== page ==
A Foot In Two Worlds
By Leslie Gornstein
LA Times – June 2011
On a recent Thursday, Olivia Wilde reported for duty at a morgue. Actresses and morgues generally see very little of each other, but this particular morgue is in earthquake-ravaged Haiti, where Wilde likes to visit every few months to distribute food, rebuild infrastructure—whatever needs doing. For the next hour, she bundled unrefrigerated corpses into body bags, singing with the locals and honoring their tradition of celebrating life while surrounded by death.
Then her agent called. “I was crouched outside this cholera clinic, sitting on a cinder block with my phone,” recalls Wilde, who volunteers with Haitians through the nonprofit Artists for Peace and Justice, “[about] to help hand out rice at a refugee camp and figure out how our students can build more classrooms. It was hard for me to be on the ball during that call, but I had to remember that acting is actually my job. Whenever I want to say, ‘F–k Hollywood,’ I have to remember that the reason I am even useful in Haiti is because I have a job here.”
Since 2009, the 27-year-old has balanced two lives with aplomb, going from a tent with no computer access to a Saturday Night Live after-party, from her role as Remy Hadley on the medical drama House to a Haitian hilltop that needs a new school. And that juggling act is about to get even tougher, as Wilde’s leonine beauty and rare savvy carnality conspire to launch her into a higher Hollywood stratum. It’s the kind of quality stardom all actors dream of, but it leaves little time for second homes in third worlds.
“She’s gonna blow up,” says David Dobkin, who directed Wilde alongside Jason Bateman and Ryan Reynolds in next month’s
The Change-Up. “She doesn’t just fulfill a role. She’s smart. She’s cutting-edge. She is her own thing. I feel like I’m looking at another Faye Dunaway, breaking big.”
For the record, Wilde does plan to return to a fifth season of House, making the doctors hot under the stethoscope as the enigmatic, sexually restless “Dr. Thirteen.” But the actress has also spent the last three years quietly cultivating her film chops. She has six unreleased films in the can, three of which— the sci-fi shoot-’em-up Cowboys & Aliens, the futuristic thriller In Time and the requisite romcom, The Change-Up—are aimed squarely at the mass market and are set to bow before the year is out. So if the average fanboy isn’t familiar with Wilde via her glowin-the-dark catsuit in Tron: Legacy, he’ll know her but good by the time America sits down for Thanksgiving dinner.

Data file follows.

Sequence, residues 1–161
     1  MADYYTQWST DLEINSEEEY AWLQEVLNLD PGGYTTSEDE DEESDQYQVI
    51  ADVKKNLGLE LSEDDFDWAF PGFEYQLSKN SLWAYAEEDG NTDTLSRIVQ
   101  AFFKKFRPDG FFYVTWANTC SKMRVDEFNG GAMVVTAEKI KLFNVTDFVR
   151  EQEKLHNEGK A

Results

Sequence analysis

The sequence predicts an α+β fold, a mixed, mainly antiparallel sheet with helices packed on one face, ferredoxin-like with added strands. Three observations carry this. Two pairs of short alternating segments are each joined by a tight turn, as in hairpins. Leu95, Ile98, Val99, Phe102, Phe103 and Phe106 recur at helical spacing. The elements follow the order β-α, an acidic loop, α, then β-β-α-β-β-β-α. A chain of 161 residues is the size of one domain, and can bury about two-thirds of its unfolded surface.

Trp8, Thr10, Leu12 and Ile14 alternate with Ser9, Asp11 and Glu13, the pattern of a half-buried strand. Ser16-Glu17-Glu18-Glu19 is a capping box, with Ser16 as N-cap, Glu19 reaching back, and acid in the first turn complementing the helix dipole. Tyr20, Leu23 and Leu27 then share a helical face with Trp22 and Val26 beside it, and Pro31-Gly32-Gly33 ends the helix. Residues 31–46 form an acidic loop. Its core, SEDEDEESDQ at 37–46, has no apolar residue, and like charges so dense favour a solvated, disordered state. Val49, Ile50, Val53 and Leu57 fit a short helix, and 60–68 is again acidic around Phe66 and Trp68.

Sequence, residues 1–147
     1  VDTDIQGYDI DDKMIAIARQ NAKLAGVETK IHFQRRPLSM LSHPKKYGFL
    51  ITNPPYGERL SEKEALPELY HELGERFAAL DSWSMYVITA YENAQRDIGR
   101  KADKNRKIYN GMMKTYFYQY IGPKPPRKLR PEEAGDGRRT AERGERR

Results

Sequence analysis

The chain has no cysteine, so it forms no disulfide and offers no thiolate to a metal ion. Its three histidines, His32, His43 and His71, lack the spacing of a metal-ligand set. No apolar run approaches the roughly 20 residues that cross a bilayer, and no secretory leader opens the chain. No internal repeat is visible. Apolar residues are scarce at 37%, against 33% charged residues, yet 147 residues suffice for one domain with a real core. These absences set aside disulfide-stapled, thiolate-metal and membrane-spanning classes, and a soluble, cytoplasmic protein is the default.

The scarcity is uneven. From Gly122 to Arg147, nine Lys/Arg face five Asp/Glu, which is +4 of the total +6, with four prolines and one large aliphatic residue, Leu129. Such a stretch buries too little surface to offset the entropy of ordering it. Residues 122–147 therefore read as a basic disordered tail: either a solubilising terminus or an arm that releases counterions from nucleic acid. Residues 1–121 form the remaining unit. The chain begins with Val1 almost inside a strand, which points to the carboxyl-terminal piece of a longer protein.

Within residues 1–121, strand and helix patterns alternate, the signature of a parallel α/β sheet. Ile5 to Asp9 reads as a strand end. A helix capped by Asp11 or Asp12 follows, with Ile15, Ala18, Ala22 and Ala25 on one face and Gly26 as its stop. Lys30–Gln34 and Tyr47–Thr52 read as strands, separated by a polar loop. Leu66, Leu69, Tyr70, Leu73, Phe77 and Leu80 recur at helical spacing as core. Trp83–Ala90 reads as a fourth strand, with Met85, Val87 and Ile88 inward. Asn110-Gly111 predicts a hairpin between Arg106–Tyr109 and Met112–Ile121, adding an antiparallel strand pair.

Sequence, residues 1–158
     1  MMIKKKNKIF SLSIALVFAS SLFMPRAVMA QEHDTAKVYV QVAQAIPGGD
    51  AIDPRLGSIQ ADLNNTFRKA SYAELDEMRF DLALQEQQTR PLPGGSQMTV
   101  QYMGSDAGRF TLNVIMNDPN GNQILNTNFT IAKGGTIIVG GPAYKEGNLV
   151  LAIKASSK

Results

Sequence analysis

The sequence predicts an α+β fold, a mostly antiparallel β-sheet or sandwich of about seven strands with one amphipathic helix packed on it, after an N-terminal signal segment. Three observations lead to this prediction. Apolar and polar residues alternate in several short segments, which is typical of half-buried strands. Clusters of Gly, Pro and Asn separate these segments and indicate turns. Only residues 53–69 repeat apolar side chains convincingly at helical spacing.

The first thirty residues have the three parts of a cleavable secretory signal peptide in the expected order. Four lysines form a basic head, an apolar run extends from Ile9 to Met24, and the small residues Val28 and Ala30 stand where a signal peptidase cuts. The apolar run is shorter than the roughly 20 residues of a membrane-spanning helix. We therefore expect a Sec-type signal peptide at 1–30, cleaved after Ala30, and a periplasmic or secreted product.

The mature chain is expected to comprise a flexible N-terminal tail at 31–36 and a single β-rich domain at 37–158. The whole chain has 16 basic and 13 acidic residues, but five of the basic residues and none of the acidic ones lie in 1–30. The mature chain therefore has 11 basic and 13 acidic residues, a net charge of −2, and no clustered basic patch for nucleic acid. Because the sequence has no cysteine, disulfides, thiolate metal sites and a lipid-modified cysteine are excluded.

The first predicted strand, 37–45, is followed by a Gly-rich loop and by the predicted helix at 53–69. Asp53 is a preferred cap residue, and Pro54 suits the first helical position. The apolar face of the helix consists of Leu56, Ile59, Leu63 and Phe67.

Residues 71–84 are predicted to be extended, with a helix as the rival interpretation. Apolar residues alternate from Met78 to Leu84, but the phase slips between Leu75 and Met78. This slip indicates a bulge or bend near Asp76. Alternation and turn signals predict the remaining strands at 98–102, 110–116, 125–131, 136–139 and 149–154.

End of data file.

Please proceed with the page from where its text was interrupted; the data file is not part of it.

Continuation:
“Someone who’s that attractive and talented and smart? Sky’s the limit for her, because that just doesn’t come around that often,” says Cowboys & Aliens director Jon Favreau.
Wilde has always had brains. Her journalist parents, who trekked the globe for CBS, ABC and National Geographic, let young Olivia horn in on political conversations… She can rattle off news bits like a Christiane Amanpour sans trench coat.
For any Hollywood beauty, earning such a level of admiration isn’t easy. Wilde has always had brains. Her journalist parents, who trekked the globe for CBS, ABC, National Geographic and Vanity Fair, often let young Olivia horn in on political conversations at the family home in Washington, D.C.She can rattle off news bits like a Christiane Amanpour sans trench coat. (There are a billion people who have too much to eat and a billion who have too little. I know this because of Olivia Wilde.)